.At the 2016 International Whaling Commission meeting, conservation groups will push strongly for commissioners to criticize Japan for its continued “scientific whaling.” They have vowed to oppose strategies to sidestep the moratorium, including Japan’s small-type coastal whaling.
Chile will present a draft resolution focused on the ecosystem services provided by cetaceans, including the role of whale feces in regenerating fish stocks at the meeting in Portoroz, Slovenia. Read more about Chile’s resolution here
Katie Silver explores how animal feces drive the world on BBC Earth.
Mindy Weisberger looks at the impacts of whales on marine ecosystems in Live Science.
Joe Roman discusses the role of right whales and other cetaceans in nutrient cycling on the CBC.
An extensive history of the base, including the proposal to convert Guantánamo into a research station and marine park. Read it en español in OnCuba Magazine.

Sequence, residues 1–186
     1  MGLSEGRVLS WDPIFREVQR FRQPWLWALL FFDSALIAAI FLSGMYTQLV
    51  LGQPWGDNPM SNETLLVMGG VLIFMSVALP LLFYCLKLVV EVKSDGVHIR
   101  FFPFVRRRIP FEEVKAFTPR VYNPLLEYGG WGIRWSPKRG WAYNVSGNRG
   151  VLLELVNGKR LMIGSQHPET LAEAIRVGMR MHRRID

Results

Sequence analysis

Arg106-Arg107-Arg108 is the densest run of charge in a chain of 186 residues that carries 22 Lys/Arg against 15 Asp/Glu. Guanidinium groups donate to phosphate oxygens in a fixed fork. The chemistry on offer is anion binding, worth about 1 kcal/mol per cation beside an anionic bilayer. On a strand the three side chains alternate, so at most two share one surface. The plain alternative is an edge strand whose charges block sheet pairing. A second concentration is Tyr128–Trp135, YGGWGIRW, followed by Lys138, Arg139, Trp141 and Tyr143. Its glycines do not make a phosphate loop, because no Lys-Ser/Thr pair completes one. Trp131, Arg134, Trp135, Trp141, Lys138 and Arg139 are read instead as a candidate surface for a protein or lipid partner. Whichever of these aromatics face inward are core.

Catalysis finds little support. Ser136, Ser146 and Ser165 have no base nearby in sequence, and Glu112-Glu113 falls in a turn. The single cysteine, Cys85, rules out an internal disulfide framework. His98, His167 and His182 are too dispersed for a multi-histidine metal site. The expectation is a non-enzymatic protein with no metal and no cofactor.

There is growing optimism among scientists in a time of rapprochement highlighted by President Obama’s visit to Cuba in March 2016. Many marine and Earth scientists say the U.S. reengagement with Cuba under Obama is sowing the seeds for a new era of scientific collaboration. Read more in Eos.
A decline in whales means less whale poop—and disruptions in the ocean’s nutrient cycle. See more on 60-Second Science by Scientific American.
Joe Roman discusses converting the Guantánamo Naval Base into a peace park and research center on the John Batchelor Show.
“One way to return the land and improve diplomacy would be to convert the area into a research center that would host both American and Cuban researchers,” says Joe Roman. Casey Williams reports on the Gitmo proposal in the Huffington Post.
The beauty of the latest proposal, as laid out in Science, is that it turns Guantánamo’s historical liability—its isolation—into an asset. (During the Cold War, the U.S. installed land mines along the perimeter of the base; those have now been removed.) Several species, including the Cuban iguana, that are faring poorly outside the base appear to have thrived inside its fences. And the notion of transforming the site of one of the world’s most notorious prisons into a “peace park” has an undeniable charm. As no less of an expert on reconciliation than Nelson Mandela once put it, the concept of the peace park “can be embraced by all.”
Elizabeth Kolbert reports on the recent Science policy piece in The New Yorker.